Share this article

A large number of anti-poaching, conservation and management measures have been implemented to protect rhinos. None of these responses has achieved tangible results in lowering unnatural rhino deaths through illegal hunting in southern Africa. The international donor community, conservation NGOs and governments have disbursed millions of dollars to fight this illegal wildlife trade, and continue to do so.

We argue in this report that these measures are bound to fail, as they do not engage with the most important change agents in conservation: local people who live in or near protected areas and game reserves.

The report therefore aims to provide a better understanding of why African rural communities participate in wildlife economies, both legal and illegal, and how alternative, community-oriented strategies can help build a more resilient response to organized wildlife crime than has hitherto been achieved.

This report explores the challenges of illegal wildlife trafficking – in particular as it affects rhinos – and the related opportunities for wildlife protection and conservation in southern Africa today. The African rhino species are used as an example because of the high-profile nature of the illegal rhino-horn trade and the existence of transnational criminal networks engaged in it.

But the report’s findings and the design principles for community interventions to tackle the illegal wildlife economy are generalizable beyond the rhino. Many other wildlife species and plants are also illegally trafficked across the globe. The pangolin, for example, is now considered the most trafficked animal species in the world, and cycads the most threatened plant species.

So, why should we be protecting wildlife and, more specifically, the rhino? And how could alternative interventions have an impact on illegal wildlife trafficking?



Ending wildlife trafficking - Local communities as change agents

Download PDF
Share this article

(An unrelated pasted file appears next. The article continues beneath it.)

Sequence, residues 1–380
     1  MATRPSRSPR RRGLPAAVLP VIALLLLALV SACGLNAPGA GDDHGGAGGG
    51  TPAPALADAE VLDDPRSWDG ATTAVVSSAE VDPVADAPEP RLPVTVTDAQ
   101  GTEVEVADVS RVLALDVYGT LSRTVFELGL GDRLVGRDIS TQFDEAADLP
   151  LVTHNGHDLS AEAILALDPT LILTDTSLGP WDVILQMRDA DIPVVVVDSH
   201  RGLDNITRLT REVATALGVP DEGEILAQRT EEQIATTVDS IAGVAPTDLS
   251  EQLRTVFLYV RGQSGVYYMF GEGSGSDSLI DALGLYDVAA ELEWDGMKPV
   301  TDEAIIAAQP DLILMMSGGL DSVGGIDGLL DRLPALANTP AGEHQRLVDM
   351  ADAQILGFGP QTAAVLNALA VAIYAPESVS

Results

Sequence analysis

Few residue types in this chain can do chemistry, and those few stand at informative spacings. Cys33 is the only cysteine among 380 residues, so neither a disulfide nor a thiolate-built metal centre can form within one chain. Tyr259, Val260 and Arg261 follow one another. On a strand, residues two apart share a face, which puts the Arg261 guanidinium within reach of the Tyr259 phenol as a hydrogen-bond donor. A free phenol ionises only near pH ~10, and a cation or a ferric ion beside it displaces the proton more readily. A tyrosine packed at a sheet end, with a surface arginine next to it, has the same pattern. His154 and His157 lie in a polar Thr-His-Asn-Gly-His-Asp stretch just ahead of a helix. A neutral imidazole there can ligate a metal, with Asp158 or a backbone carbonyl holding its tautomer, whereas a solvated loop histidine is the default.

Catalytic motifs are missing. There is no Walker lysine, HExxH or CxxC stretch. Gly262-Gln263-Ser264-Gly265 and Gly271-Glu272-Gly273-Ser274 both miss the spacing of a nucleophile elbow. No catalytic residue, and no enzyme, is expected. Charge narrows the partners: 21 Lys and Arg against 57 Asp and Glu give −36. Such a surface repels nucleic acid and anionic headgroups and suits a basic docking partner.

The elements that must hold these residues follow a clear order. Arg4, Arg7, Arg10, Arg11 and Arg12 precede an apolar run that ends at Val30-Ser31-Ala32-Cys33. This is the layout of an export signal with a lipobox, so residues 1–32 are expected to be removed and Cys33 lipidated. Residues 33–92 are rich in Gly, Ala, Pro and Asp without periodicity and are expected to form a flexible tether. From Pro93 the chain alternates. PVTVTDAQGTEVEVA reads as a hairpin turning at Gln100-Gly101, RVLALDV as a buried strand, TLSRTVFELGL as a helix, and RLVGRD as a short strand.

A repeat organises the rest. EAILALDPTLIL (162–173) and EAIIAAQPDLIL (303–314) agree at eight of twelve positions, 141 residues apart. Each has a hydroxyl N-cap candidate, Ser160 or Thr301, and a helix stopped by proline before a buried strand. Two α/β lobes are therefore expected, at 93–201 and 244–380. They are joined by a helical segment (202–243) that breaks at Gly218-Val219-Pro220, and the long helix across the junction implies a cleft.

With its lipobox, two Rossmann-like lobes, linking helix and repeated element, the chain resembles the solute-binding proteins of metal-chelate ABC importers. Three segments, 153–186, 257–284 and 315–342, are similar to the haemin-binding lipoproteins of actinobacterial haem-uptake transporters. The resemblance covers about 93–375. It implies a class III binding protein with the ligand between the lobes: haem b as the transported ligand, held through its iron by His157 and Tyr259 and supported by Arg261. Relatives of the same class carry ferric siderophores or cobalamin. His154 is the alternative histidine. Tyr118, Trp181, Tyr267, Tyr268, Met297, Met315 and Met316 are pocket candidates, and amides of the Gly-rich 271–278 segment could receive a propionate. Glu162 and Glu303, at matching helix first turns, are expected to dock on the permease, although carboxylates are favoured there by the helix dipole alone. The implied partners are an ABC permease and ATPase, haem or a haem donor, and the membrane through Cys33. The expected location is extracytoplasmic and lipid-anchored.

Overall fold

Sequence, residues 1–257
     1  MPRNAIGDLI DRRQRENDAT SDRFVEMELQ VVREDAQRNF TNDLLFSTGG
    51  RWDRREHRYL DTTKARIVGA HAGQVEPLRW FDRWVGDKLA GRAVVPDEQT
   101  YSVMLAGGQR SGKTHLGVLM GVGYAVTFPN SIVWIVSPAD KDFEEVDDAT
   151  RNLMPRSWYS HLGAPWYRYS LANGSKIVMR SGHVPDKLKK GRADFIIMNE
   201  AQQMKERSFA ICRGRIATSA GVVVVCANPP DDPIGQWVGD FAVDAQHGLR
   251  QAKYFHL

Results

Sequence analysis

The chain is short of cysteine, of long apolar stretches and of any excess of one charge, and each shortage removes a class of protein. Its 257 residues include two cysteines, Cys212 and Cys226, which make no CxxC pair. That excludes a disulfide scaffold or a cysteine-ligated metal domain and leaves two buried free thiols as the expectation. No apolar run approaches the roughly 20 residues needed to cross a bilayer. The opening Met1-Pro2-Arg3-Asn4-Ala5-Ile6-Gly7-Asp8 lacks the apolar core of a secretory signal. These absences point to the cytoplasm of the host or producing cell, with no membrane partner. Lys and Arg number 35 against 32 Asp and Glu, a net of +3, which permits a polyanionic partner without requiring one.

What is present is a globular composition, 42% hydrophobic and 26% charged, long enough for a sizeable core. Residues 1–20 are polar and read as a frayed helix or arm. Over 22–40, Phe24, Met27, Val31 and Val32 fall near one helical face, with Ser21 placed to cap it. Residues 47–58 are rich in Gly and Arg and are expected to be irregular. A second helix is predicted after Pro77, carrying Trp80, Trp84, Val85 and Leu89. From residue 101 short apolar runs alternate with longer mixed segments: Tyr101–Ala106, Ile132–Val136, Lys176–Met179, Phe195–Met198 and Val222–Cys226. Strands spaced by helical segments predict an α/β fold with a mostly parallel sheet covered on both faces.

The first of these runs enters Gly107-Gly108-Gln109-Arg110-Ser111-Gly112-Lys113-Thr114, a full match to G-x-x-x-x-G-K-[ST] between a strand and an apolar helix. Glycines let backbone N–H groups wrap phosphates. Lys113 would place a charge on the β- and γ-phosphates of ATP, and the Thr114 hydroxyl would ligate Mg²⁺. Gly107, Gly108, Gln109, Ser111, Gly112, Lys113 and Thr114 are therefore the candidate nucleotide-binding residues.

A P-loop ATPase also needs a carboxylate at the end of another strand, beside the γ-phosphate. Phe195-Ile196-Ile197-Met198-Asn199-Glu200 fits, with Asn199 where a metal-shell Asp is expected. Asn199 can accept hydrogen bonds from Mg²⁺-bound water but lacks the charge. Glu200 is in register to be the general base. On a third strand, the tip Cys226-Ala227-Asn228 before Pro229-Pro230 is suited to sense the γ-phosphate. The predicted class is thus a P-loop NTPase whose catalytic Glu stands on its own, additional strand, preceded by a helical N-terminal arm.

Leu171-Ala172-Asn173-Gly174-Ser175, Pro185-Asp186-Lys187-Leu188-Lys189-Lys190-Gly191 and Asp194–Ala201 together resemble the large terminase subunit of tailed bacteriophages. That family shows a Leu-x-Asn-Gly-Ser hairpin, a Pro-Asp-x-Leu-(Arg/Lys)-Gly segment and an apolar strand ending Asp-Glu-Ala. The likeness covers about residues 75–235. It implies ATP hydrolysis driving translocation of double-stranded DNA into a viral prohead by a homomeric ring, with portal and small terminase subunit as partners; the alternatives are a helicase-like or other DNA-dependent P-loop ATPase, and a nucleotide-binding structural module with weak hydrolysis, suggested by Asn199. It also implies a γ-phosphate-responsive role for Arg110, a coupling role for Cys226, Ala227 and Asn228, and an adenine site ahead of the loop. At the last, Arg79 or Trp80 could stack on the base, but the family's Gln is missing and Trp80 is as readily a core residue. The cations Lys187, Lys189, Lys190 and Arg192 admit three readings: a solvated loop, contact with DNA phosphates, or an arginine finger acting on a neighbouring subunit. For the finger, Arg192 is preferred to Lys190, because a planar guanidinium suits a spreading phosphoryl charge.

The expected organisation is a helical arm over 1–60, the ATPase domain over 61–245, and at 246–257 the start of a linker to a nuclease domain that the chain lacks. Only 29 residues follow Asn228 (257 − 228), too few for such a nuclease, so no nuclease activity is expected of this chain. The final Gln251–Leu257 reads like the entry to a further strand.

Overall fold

Annette Hübschle-Finch

Annette Hübschle-Finch is a senior researcher with the Global Initiative. She is currently undertaking a postdoctoral fellowship in the Law Faculty ay the University of Cape Town (UCT), under the auspices of the newly established Environmental Security Observatory (ESO). The ESO is a joint initiative of the Global Initiative against Transnational Organised Crime and the Global Risk Governance Programme at UCT.

Before joining the Global Initiative, Annette worked towards her Ph.D. in economic sociology at the Max Planck Institute for the Study of Societies in Cologne. Her doctoral research project explored the structure and functioning of the illicit rhino horn economy. From 2002 to 2011, she was a senior researcher with the Organized Crime and Money Laundering Programme at the South African-based Institute for Security Studies. Her written research outputs relied heavily on fieldwork and networking with stakeholders from intergovernmental, regional, national and law enforcement entities, civil society and academia. Annette has also worked as a researcher, consultant, and practitioner on a variety of organized crime, environmental security and broader African security issues. She received her Bachelors in History and Political Studies, Honours degree in Comparative and International Political Studies and Masters degree in Criminal Justice, all from the University of Cape Town, and holds a doctorate from the University of Cologne, magna cum laude.

Her research interests include environmental security, the society/conservation nexus, organized crime and the structure of illegal markets with a specific interest in the interface of legality and illegality in markets.

Read more